Joseph Frank “Buster” Keaton was born in 1895 in Piqua, Kansas, but that’s not really where he’s from. That’s just the town where his parents happened to be when his mother went into labor. Joe and Myra Keaton spent their lives was traveling the country performing in theatres and dance halls, and they didn’t stop when their son, whom they named after his father, was born.
No, Buster Keaton wasn’t from Piqua, Kansas. He was a performer from the very start. His only home was up on stage. Young Joe was just three years old when his parents brought him into their act. Performing was all he knew—and he happened to be born at the perfect time to take advantage of the new medium that would completely change the face of show-business: Film.
His Vaudevillian childhood perfectly prepared him for a career in front of the camera. Before the days of stunt doubles and CGI, his utter fearlessness made for some of the most remarkable films of the silent era—and he managed to do all of his death-defying stunts with his iconic deadpan expression. It’s no wonder that Roger Ebert claimed The Great Stone Face was “the greatest actor-director in the history of the movies.”
A Buster is Born
Keaton’s parents were major players in the Vaudeville circuit, and they rubbed elbows with some of the most iconic performers of the time—including the world’s most famous escape artist: Harry Houdini. So the story goes, it was actually Houdini who gave “Buster” his famous nickname.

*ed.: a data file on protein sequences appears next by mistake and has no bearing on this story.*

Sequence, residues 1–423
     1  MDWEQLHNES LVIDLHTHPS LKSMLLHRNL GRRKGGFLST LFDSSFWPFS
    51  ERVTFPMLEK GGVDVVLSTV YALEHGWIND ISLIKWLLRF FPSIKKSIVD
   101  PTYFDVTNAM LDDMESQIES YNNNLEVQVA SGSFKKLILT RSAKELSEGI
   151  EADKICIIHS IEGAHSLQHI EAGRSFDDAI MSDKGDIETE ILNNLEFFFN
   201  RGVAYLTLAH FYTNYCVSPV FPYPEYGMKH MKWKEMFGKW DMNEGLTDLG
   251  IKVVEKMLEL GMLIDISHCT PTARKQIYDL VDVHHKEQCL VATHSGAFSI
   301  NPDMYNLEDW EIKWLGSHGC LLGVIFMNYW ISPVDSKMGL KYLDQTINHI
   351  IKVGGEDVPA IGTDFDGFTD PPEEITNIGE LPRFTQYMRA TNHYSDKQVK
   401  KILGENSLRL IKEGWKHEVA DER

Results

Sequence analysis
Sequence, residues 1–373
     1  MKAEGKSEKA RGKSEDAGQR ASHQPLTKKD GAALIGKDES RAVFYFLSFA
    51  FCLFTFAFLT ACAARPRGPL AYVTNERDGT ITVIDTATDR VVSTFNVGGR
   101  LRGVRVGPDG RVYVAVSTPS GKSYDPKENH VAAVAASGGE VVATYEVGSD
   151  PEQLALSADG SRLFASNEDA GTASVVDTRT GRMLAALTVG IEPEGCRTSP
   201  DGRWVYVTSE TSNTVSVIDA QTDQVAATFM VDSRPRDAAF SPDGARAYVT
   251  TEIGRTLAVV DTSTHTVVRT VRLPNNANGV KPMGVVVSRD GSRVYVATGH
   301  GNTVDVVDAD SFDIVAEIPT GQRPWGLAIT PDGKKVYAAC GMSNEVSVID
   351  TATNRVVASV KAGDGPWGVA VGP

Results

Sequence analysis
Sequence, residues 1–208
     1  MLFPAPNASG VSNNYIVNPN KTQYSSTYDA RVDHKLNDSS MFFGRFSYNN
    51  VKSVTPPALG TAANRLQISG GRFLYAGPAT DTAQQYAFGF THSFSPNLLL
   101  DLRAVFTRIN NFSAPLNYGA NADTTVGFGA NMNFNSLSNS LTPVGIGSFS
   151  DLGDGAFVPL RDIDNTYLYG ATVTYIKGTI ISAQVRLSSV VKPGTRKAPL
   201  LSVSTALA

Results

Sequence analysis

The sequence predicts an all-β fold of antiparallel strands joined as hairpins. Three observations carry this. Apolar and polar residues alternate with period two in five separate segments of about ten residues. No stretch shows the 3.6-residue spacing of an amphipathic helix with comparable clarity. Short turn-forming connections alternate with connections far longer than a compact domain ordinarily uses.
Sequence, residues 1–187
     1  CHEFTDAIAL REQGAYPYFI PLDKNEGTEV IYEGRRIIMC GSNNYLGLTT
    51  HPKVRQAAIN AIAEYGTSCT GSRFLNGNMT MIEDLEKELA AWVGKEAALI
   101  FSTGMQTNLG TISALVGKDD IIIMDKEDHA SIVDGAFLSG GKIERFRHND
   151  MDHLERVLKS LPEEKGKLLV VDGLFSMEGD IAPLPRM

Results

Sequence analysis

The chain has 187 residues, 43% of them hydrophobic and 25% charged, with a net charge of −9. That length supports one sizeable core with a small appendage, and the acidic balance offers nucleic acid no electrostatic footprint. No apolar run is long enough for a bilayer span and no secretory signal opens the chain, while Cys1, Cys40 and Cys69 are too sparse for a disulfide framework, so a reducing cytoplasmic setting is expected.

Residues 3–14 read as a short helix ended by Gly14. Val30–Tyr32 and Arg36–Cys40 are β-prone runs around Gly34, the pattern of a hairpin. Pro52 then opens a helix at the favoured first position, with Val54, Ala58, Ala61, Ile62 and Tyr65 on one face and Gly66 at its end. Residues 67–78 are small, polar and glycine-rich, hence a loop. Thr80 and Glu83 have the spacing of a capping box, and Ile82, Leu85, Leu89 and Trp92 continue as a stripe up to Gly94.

Allegedly, Houdini once watched an 18-month-old Joseph Frank Keaton fall down an entire flight of stairs, then simply get up at the bottom, completely unscathed. The magician then looked to the Keaton parents and said, “That’s some buster your kid took!” They must have liked the sound of it, because the name stuck.
Apparently, Houdini wasn’t the only one who noticed the toddler’s predilection for pratfalls, because the Keatons incorporated their son into their act not long after, renaming themselves “The Three Keatons”—and let’s just say, their schtick wasn’t exactly safe for a small child.
The Little Boy Who Can’t Be Damaged
The Three Keatons’ show would never fly today—it was barely even considered legal at the turn of the century. For the most part, it involved Keaton’s mother playing the saxophone while he and his father took center stage.
Young Buster would provoke his father in one way or another, and an enraged Papa Joe would respond by heaving his son against the scenery, or sometimes out into the audience. They even sewed a suitcase handle onto Buster’s clothes for more impressive throws.
While audiences loved this Vaudevillian equivalent of Homer Simpson strangling his son Bart, the authorities were less-than-pleased. The New York Society for the Prevention of Cruelty to Children had a particular bone to pick with this so-called “act.”
But while cries of child abuse unsurprisingly followed the Three Keatons almost anywhere they went, Buster himself was always quick to show them that he never had any bruises or broken bones. Because while most children would probably be utterly terrified, the young Buster absolutely loved the show he did with his parents.
Buster Keaton: Pratfall Prince
Keaton learned (by necessity) how to safely fall almost as soon as he could walk. He called landing right “second nature,” and it was this extraordinary acrobatic ability that would make his future films so remarkable. While the audience may have gasped when they saw Joe Keaton whip his son across the stage, the boy himself was having the time of his life, completely confident of his safety.